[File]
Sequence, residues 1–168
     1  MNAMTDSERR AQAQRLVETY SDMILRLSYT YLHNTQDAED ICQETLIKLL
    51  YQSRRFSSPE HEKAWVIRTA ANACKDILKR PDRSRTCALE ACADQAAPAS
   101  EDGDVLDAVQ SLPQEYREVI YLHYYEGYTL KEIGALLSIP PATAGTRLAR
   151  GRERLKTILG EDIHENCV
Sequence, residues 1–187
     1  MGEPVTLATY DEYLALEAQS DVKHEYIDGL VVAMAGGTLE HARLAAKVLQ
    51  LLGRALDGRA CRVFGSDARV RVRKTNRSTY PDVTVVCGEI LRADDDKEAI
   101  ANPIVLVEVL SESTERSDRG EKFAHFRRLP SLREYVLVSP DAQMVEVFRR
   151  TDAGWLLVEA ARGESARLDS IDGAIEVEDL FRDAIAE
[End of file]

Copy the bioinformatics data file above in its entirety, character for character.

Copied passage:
Sequence, residues 1–168
     1  MNAMTDSERR AQAQRLVETY SDMILRLSYT YLHNTQDAED ICQETLIKLL
    51  YQSRRFSSPE HEKAWVIRTA ANACKDILKR PDRSRTCALE ACADQAAPAS
   101  EDGDVLDAVQ SLPQEYREVI YLHYYEGYTL KEIGALLSIP PATAGTRLAR
   151  GRERLKTILG EDIHENCV
Sequence, residues 1–187
     1  MGEPVTLATY DEYLALEAQS DVKHEYIDGL VVAMAGGTLE HARLAAKVLQ
    51  LLGRALDGRA CRVFGSDARV RVRKTNRSTY PDVTVVCGEI LRADDDKEAI
   101  ANPIVLVEVL SESTERSDRG EKFAHFRRLP SLREYVLVSP DAQMVEVFRR
   151  TDAGWLLVEA ARGESARLDS IDGAIEVEDL FRDAIAE